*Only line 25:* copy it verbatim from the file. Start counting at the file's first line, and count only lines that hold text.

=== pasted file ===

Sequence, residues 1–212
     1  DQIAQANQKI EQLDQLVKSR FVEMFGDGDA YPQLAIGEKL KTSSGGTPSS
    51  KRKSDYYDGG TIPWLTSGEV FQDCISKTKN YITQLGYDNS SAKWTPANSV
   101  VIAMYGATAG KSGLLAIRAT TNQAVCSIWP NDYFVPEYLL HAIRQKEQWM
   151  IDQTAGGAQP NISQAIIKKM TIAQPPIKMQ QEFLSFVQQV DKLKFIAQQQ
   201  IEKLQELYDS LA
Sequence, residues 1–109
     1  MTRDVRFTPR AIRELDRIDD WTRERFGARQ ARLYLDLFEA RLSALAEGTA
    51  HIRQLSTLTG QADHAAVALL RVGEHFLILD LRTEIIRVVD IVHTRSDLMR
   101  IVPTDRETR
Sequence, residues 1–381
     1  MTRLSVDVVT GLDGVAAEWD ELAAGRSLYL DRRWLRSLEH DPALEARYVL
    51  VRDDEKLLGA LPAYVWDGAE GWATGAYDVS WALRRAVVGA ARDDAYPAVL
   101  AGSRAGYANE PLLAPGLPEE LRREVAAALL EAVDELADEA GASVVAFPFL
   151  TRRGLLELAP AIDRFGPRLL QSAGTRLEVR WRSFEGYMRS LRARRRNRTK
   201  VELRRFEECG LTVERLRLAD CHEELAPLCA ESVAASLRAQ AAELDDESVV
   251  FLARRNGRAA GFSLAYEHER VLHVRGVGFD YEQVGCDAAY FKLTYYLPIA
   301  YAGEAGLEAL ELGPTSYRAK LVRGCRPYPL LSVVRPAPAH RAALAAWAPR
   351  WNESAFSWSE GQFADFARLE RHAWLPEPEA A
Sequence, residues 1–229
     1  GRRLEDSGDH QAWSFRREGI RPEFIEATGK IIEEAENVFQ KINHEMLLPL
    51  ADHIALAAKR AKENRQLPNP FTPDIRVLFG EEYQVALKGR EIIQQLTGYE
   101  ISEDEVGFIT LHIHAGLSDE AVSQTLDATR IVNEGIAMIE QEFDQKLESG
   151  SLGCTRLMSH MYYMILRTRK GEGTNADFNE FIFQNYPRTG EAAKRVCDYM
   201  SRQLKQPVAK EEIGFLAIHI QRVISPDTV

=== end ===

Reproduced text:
   201  SRQLKQPVAK EEIGFLAIHI QRVISPDTV